I am not referring to the monetary board’s key interest rate policy. ‘Am talking about the national government’s budget deficit target for this year.
The deficit level stays at 8.5 percent of Gross Domestic Product (GDP) for this year and hopefully go down further to 7.2 percent in 2022 from a blazing 9.6 percent in 2020.
This is despite the contraction of the domestic economy for the fifth consecutive quarters since the declaration of the pandemic with GDP shrinking 4.2 percent during the first three months of 2021.
All things considered, the landscape of the Philippine economy is still on a cliffhanger, but the National Economic Development Authority (NEDA) is seeing some signs of hope.
NEDA believes the economic contraction is trending downwards. It could still be possible that the whole-year GDP growth assumption may be kept at a range of 6.5 to 7.5 percent.
What is more important here is keeping at target the level of budgetary deficit, a significant macro-economic indicator that most of the credit rating agencies are closely monitoring. They are just but ready to punch the downgrade button.
Allowing the deficit to go haywire is costly. It could mean a possible downgrade in the country’s credit worthiness that the government cannot afford. Affordability is actually an understatement here.
Going back to below investment grade status is a no, no! This would jack up foreign borrowing costs of both the public and private sector. Based on the estimate of the Department of Finance, interest expense could go up between P200 billion and P300 billion.
Indeed, going back to the junk bond status is out of the question. It’s damaging to the country’s image. “Definitely, we’re not going back to the garbage,” admitted Finance Undersecretary Gil Beltran who is in charge of the domestic finance group.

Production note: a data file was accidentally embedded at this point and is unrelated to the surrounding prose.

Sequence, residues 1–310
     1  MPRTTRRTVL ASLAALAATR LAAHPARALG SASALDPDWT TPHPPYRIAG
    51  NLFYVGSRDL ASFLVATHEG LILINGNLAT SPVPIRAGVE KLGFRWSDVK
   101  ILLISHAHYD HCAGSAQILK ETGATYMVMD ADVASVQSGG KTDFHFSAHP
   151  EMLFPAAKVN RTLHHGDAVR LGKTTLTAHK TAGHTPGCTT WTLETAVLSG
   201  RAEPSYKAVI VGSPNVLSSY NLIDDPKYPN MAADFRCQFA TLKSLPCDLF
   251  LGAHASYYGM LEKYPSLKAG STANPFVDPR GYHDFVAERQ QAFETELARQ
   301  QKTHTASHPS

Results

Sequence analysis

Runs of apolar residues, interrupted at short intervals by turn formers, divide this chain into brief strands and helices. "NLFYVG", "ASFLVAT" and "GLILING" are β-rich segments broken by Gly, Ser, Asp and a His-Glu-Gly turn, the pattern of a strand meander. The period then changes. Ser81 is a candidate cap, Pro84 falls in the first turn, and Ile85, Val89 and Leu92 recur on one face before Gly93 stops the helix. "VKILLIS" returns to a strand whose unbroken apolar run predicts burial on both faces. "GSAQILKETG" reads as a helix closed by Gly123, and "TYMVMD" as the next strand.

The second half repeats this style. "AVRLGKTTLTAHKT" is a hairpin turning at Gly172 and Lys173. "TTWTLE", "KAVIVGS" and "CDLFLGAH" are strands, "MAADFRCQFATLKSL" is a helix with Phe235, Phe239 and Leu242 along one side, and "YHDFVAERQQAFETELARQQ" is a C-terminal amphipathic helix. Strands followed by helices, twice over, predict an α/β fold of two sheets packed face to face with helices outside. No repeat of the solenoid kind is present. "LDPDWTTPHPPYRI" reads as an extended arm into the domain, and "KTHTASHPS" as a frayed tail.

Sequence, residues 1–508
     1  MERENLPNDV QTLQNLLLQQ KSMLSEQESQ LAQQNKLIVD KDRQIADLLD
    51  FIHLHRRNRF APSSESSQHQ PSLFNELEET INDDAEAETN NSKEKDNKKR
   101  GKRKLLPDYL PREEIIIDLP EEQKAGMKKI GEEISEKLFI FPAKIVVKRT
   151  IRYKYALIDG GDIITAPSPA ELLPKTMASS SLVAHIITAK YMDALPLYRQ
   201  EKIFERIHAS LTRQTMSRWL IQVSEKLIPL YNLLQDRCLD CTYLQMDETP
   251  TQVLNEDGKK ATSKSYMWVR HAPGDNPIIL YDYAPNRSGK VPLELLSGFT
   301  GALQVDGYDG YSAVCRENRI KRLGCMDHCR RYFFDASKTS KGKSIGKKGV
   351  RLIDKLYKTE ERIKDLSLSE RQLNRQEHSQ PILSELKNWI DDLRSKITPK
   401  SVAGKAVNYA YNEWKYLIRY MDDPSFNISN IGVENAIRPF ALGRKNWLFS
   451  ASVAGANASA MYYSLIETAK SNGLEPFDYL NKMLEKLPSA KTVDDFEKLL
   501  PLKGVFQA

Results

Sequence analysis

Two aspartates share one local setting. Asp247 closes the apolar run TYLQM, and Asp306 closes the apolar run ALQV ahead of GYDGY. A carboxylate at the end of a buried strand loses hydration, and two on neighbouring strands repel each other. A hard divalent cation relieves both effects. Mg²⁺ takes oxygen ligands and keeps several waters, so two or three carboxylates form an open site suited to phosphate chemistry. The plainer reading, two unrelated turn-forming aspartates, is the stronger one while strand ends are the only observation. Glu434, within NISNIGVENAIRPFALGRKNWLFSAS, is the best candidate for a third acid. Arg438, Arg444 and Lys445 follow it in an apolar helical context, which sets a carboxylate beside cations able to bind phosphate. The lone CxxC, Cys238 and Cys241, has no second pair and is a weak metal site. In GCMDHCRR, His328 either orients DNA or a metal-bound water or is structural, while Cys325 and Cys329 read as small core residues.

Although nothing can compare to the set-up in 2020 during first imposition of the Enhanced Community Quarantine (ECQ) that brought the domestic economy to a stretching halt, the month-and- a-half lockdown this year is a bit more lenient.
Still, it is costing us, the people, money that we earnestly saved. Our financial buffer is dwindling and may soon be running empty. The same holds true for the government coffers.
Guesstimates pegged the two-week lockdown (between March 29 and April 11) imposed in the metropolis and the National Capital Region (NCR), plus four neighboring municipalities shed “one half of one percent” in the GDP growth.
Using this as a baseline, a cost estimate analysis shows the economy could shed 1.5 percent that may eventually affect the second quarter performance.
Talks going round the corridors of the economic managers offices point to the possibility of reducing the GDP assumption by the Development Budget Coordinating Committee (DBCC). “We’re just waiting for NEDA to tell us if the low-end of the GDP target is still possible,” shared my muted source knowledgeable on the DBCC on-goings.
Fine-tuning the macroeconomic targets for the year is highly likely. But the DOF is steadfast on its position to keep the deficit target, leaning on the enactment of three measures – the liberalization of foreign investments, revisions to the Public Service Act and the Retail Trade Liberalization – that could provide the much needed shot-in the arm for the domestic economy to wriggle out of recession.
Amidst the expectation of inflation going up because of supply bottleneck and nominal GDP could still be achievable, there is no need to change the P1.78 trillion budget deficit.Talkback to me at [email protected]